Utah’s COVID long-haulers are predominantly young — and many were previously healthy, doctors say

Most were not hospitalized, but their long-term symptoms can be severe and last for months, say the scientists behind the state’s only “long-hauler” clinic.

(Screenshot) Dr. Jeanette Brown, a pulmonologist and medical director of the University of Utah’s COVID-19 Long Hauler Clinic, speaks in an online news conference about the patients the clinic sees. “The average age group — and this has been described in studies as well — ranges between the 20s to the 50s," she said.

Six months after the University of Utah launched the state’s only clinic for “long-hauler” COVID-19, doctors say the patients who are reporting long-term and sometimes debilitating symptoms are predominantly young.

And, before they contracted the coronavirus, most of them were relatively healthy, too.

“Honestly, we have seen a lot of patients that really had no medical history prior to this that they could really speak of,” said Dr. Jeanette Brown, a pulmonologist and medical director of the U.’s COVID-19 Long Hauler Clinic. “It’s really affecting a lot of people who are younger. The average age group — and this has been described in studies as well — ranges between the 20s to the 50s.”

Since the clinic opened in July, it has provided care and referrals to about 600 patients, and another 200 are waiting for appointments, Brown said.

“We see about five to 10 new referrals every day,” Brown said. The clinic also has made 1,300 referrals to other specialists, she added.

Patients’ symptoms have ranged from prolonged loss of smell and ringing in the ears to “brain fog,” heart problems and severe, debilitating fatigue, to the point where symptoms are “interfering with daily life and ability to work,” Brown said.

Some Utah patients have described being unable to drive, bathe themselves or even stand as their health deteriorated in the weeks after contracting COVID-19. Others have experienced hair loss, vision problems, and smell and taste returning but with distortions, Brown said — for example, one patient described developing an intolerance for the flavor of mint.

“As those nerves repair for smell and taste, they may sort of rewire funny,” Brown said. Still others have experienced “nerve pain” and temporary “severe weakness, almost like paralysis,” Brown said.

Long COVID is defined as the persistence or development of symptoms at least three months after a patient is diagnosed with COVID-19, though the clinic also sees patients who remain ill eight weeks after they were infected if they weren’t hospitalized.

Scientists connected to the clinic are enlisting patients to try to answer an array of questions about how “long COVID” develops, said Dr. Rachel Hess, chief of health innovation and research at the U. For example: How do white blood cells respond when someone first is infected, and is that response linked to long-term illness? Who is most likely to develop long COVID?

Researchers at the University of Zurich in Switzerland, for example, last month identified a combination of factors — age, a history of asthma, and antibody levels — that were about 75% effective in predicting patients’ risk of long COVID.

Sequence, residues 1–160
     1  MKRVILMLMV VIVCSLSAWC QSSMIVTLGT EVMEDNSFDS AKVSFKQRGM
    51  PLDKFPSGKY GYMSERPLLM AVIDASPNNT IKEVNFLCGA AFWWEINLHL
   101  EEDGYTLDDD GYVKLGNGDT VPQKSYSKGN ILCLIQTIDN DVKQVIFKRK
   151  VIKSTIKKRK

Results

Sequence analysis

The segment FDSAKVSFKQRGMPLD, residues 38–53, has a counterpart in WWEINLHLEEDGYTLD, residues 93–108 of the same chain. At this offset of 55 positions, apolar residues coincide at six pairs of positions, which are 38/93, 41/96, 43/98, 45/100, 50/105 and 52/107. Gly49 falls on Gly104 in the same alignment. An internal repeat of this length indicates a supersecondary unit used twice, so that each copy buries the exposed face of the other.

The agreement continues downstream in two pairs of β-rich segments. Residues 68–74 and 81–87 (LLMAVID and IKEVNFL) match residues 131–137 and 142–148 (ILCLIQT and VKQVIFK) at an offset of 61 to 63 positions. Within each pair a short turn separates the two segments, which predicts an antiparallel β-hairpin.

“This is preliminary research that needs to be verified, but again could tell us who’s at risk for more of a long haul phenotype,” Brown said.

The Utah clinic this month joined federal researchers who are reviewing medical records of a large swath of COVID-19 patients to try to identify commonalities, Hess said.

The study “brings together data from both electronic health records to look broadly at what circumstances caused long COVID,” Hess said, as researchers compare patients with long COVID to those without in order to “understand where there are things early in their infection that we could have seen either biochemically in lab tests or in other health conditions that make them at higher risk for long COVID.”

That information could not only help predict who is at risk of long COVID, but also provide insight into how they recover and potentially develop treatments, Hess said.

More data also is needed to understand the long-term implications for people who suffer from long COVID — especially how long it might take them to recover.

“There [are] variable patterns,” Brown said. “There [are] definitely people that get better over the course of weeks to months. But there are folks that persist.”

Previous research, for example, followed up with long COVID patients after seven months and found about half of the patients had returned to working at their full capacity, about 30% were still working reduced hours and another 20% had not returned to work, Brown said.

“And this focused on patients that were in their late 20s to 50s mostly, which is your prime working population,” Brown said. “There’s definitely a population that has been kind of persistently disabled from this. So we’ll continue to see how that data plays out.

“The key thing for our clinic is we want folks to understand that we’re here to support them, you know, throughout that journey and to get them access to care, to treat those symptoms,” Brown said. “I know it can be very challenging to have to endure all those things while you’re waiting for ... the research and understanding to catch up.”